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Mozartian flights of fancy

Down I-101 and into Hollywood, bright and sleazy as ever. Angel Records, purveyor of divine EMI Mozart releases reigns at Holly-Vine. Westwards and into Canter's which smells of New York. O Pastrami! O Lockshen! We order a plate of latkes; "potato pancakes?" returns the stern waitress. Better not to risk demanding knedalach soup, and settle for Los Anglicized "Matzo Ball." Sucked once more onto the freeway we race through an eternity of nothing.

At the airport it's chaos as usual at the People Express terminal. Lines of the unwashed fight with the trademarked Sullen Snarl that makes Pee X so welcoming. The sullen snarler forbids me to carry on an overladen suitcase; refuses the "cabin baggage" tag needed to take anything on board. But my chauffeur/porter -- and former Tech editor in chief -- furtively slips his hand behind the counter, grabs a bundle of the scarce tags and we head off towards the gate.

Leaving Los Angeles at night is sinister. By day it's generally hidden in an envelope of smog, but on a clear evening the lights of the town sprawl on forever. The town has no visible form, no order. There is no focus of life, just lines of wormlike freeways inching forward as the aircraft heads skywards, endless tentacles of Interstate disappearing into oblivion holding the nowhere-headed population compulsively in their grasp.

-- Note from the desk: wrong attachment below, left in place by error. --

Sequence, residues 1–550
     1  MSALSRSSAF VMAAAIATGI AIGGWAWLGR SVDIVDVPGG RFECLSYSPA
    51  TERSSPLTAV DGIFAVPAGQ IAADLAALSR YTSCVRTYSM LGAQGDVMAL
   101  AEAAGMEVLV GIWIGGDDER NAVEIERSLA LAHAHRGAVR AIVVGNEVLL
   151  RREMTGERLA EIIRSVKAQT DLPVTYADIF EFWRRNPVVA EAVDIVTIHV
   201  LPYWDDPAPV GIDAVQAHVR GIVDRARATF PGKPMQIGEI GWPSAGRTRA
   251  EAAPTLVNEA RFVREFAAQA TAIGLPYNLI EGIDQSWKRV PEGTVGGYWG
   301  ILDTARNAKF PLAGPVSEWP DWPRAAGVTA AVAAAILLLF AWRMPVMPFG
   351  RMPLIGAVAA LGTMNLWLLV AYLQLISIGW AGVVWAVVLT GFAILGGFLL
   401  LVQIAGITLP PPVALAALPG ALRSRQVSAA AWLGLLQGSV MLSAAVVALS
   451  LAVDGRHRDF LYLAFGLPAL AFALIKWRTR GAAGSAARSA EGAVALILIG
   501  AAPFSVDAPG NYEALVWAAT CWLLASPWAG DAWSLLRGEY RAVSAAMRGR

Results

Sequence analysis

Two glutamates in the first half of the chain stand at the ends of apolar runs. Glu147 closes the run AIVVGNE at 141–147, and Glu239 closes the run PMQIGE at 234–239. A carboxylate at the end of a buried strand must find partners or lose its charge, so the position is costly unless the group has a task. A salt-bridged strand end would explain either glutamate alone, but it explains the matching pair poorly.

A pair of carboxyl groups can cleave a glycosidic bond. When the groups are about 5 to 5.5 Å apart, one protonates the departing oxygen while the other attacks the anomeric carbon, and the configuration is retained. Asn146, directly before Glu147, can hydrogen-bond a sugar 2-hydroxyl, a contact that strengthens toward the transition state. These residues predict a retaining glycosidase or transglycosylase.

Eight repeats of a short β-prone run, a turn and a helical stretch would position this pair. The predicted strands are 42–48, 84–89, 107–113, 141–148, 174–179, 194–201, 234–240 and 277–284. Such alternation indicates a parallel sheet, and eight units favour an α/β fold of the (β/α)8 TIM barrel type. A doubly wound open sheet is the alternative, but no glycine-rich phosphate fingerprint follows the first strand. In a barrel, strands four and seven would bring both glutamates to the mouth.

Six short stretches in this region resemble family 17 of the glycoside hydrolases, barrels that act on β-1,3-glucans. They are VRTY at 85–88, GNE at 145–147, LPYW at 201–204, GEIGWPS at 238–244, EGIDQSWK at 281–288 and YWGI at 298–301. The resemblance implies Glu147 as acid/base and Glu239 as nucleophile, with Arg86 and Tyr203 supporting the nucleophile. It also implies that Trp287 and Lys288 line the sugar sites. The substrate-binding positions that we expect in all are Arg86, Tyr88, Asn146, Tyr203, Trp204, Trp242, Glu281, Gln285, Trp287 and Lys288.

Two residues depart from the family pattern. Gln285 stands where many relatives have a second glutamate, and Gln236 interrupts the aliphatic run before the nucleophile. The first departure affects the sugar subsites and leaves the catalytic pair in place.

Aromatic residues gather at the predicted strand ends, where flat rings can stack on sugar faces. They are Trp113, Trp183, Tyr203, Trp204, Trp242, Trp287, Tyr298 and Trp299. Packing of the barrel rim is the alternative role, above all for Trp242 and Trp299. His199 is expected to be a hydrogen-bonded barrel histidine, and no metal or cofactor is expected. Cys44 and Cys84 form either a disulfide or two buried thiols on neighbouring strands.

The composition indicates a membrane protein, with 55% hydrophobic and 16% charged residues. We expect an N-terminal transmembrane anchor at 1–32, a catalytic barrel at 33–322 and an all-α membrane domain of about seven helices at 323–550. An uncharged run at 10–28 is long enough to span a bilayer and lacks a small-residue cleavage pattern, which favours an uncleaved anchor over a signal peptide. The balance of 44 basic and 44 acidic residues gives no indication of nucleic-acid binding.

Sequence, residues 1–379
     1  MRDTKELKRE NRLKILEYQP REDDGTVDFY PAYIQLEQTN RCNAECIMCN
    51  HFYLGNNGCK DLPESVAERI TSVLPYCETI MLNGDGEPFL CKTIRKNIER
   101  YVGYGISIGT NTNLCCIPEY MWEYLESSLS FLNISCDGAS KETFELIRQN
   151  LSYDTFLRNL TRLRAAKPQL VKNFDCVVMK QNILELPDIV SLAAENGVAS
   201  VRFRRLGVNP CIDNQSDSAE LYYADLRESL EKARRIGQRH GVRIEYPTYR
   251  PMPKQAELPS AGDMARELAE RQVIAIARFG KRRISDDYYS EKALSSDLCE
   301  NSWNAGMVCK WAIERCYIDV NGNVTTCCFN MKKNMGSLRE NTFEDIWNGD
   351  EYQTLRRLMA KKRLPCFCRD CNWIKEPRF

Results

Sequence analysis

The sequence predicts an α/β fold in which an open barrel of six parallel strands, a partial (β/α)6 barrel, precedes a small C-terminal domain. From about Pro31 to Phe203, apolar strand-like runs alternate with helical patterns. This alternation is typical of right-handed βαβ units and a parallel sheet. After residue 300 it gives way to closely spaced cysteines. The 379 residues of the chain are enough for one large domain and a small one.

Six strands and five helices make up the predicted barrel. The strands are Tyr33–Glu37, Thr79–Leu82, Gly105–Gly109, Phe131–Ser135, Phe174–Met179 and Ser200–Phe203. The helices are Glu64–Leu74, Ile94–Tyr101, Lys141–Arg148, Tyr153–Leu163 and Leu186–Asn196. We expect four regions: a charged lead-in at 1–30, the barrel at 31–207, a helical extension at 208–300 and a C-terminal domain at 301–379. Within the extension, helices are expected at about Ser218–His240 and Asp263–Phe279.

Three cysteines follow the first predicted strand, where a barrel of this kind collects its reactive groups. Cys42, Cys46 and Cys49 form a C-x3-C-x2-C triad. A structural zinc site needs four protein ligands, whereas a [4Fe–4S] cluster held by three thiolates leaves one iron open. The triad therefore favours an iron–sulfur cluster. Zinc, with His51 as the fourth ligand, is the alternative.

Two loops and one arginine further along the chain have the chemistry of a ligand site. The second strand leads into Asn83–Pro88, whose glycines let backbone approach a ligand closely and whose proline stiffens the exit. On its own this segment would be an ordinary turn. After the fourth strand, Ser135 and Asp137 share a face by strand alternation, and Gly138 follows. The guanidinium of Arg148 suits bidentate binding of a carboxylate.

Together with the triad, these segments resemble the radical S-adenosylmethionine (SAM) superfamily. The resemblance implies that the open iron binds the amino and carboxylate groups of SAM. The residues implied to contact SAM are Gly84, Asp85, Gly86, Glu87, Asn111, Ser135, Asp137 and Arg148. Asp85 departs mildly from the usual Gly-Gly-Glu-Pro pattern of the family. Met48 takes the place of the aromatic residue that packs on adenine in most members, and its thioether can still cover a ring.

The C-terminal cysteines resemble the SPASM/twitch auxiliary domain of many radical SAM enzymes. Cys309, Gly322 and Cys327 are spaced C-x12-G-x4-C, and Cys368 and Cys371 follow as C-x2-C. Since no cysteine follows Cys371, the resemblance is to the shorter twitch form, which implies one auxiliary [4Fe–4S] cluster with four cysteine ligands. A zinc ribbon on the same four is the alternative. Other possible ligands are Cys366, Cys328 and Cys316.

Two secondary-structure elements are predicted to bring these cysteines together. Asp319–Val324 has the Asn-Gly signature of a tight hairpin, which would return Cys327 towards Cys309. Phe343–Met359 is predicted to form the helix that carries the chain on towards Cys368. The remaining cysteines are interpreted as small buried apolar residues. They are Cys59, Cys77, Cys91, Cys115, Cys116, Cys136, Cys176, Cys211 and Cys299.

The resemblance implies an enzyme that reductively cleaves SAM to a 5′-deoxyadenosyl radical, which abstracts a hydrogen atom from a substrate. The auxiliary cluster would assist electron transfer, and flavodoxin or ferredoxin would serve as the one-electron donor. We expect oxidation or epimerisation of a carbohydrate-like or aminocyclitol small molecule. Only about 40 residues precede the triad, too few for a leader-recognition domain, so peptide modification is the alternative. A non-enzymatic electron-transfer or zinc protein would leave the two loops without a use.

Guglielmo has just won the heart of Ferrando's girl-friend, Dorabella. He has been trying to seduce her in connection with a wager with Don Alfonso who claims -- contrary to the belief of the two doting lovers -- that all women are fickle. Guglielmo now complains about the way women maltreat men in Donne mie, la fate a tanti, sung with close personal attachment by Thomas Allen to vanquish the impersonality of the disappearing City of Angels.

There is anger in his voice. Each word is mouthed with precision, with bite. The Scottish Chamber Orchestra under Richard Armstrong responds with clean bold lines, reinforcing Guglielmo's distraught bemusement.

The City has disappeared, and as we climb higher Cherubino is brought down to earth by Figaro's Non pi`u andrai. The boy is destined for war now; there's to be no more fooling around with the ladies, says Figaro. Allen doesn't miss an innuendo, a cruel emphasis here, a stern stricture there. The words are crisp, and Cherubino is apparently left with little choice but to head off "a la gloria militar." The orchestra concludes with a splendid flourish to add point to Allen's already well-sharpened message.

The determination of delivery of Se vuol ballare builds upon the emotional power of the preceding tender recitative Bravo signor padrone! The Count may try to exercise his droit du seigneur, but Figaro thinks differently and warns that he can play games too.

In Figaro we see the conflict of aristocracy and underlings, but we are led to believe that there are no subservients at People Express, no stewardesses or even "flight attendants" but only "customer service managers" continually informing their captive cargo to "at this time" attend to the ticketing "service," down their coffee or, supposedly, "enjoy their flight."

I've always wondered why airlines expect passengers to "enjoy their flight." Perhaps their executives find pleasure in sitting inanimate in steel tubes for several hours. Or maybe they have made the assumption that you have brought along a tape of Mozart.